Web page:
Visualization using 3D Monitor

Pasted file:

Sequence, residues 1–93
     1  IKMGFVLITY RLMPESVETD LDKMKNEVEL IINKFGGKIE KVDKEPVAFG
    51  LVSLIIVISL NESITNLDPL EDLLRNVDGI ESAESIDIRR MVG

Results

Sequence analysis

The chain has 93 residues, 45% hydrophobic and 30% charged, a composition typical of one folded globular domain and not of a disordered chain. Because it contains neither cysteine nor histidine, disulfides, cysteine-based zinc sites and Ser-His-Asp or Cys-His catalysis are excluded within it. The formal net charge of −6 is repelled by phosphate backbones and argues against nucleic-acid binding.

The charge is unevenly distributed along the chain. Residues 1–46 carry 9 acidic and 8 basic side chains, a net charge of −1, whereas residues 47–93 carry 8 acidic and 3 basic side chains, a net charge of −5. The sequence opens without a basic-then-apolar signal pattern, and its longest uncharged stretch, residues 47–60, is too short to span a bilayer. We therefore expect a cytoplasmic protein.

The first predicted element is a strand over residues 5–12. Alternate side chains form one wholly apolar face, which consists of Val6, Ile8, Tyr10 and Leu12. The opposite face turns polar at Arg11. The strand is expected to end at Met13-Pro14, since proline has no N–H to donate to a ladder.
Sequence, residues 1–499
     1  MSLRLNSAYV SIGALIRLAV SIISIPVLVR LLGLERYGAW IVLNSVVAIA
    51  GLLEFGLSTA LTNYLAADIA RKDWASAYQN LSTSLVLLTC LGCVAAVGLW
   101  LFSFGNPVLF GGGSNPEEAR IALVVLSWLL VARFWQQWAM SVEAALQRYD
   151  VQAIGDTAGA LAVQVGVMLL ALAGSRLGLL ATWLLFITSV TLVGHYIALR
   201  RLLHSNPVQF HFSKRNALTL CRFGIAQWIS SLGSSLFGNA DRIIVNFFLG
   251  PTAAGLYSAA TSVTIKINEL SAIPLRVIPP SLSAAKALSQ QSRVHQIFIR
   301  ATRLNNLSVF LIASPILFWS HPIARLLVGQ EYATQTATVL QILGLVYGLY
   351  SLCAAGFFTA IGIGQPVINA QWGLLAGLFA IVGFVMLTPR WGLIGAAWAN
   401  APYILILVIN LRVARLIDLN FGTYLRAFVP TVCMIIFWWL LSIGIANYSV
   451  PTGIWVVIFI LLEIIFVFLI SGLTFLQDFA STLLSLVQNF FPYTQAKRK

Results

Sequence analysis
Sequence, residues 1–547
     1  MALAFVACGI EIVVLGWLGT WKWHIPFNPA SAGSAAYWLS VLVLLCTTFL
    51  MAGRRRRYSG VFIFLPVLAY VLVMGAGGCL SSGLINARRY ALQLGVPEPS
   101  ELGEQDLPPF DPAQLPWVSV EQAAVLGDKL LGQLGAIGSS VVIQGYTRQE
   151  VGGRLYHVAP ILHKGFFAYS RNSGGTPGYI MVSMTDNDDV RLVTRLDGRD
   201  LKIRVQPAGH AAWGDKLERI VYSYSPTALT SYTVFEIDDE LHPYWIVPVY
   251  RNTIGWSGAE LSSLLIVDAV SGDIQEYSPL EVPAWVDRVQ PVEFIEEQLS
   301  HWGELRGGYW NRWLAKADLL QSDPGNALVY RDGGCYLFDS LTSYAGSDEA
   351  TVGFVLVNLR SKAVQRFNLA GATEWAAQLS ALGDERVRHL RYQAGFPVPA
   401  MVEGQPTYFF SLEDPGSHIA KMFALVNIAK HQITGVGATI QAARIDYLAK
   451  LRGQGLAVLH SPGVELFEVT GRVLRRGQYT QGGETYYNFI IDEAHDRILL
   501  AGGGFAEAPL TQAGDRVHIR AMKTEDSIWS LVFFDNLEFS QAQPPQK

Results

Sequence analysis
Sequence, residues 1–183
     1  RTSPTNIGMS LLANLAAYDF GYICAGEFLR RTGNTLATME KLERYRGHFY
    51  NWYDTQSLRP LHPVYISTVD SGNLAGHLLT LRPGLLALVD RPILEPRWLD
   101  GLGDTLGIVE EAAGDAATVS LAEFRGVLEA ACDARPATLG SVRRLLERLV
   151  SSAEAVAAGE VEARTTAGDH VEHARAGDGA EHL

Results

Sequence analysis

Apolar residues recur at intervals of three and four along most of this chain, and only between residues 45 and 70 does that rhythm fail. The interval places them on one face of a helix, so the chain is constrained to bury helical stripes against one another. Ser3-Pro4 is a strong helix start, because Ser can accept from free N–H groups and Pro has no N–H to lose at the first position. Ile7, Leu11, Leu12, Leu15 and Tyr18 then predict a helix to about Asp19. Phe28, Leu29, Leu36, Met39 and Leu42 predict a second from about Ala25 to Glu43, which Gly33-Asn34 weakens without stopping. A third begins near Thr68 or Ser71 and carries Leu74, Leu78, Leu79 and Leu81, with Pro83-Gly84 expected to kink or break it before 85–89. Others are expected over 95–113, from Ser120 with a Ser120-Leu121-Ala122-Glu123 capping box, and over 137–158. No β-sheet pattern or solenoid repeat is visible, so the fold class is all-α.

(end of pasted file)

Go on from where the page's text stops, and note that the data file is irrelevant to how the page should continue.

Abstract: Many companies over the years have been working with enhancing the visual effect of monitors and television with 3D glasses and such. There is a new form of 3D viewing right now; Spatial View is the one I know most about. Their technology includes a barrier panel technology which aligns the right and left eye simultaneously giving the person looking at the monitor a 3D viewing. Spatial View has developed an API that can be easily included in games and rendering applications to enable this 3D visualization and this thesis is about the computer performance cost. The API works in such a way that it takes 5 images of the current scene the camera is looking at in the game or rendering application and interlace them together to produce 1 image to be displayed on screen. Combining this with the monitor technique gives the visual effect. The 5 different camera angles that are produced can be a strain on the performance, meaning that the rendering API in this case Direct3D 9.0c has to render everything 5 times each frame. This can slow down the frame rate of the game, which is very important for the game to run smoothly. This thesis main focus is to understand the correlation between the number of camera angles and rendering time for Direct3D 9.0c, is it linear or exponential. By having access to Spatial View’s Direct3D 9.0c API, I was able to construct a test application which could answer the hypothesis. Six tests were used to investigate this with different numbers of camera angle to see the impact on rendering time. Using one, two and five camera angles for the test with large cubes (big enough to almost cover the screen) and small cubes (almost small enough to not see). After seeing the rendering time and understanding the API from Spatial View’s, a theory about reducing the rendering time arose. This theory will be explained throughout the thesis and discussed; it includes using Direct3D 10.0 with geometry instancing.
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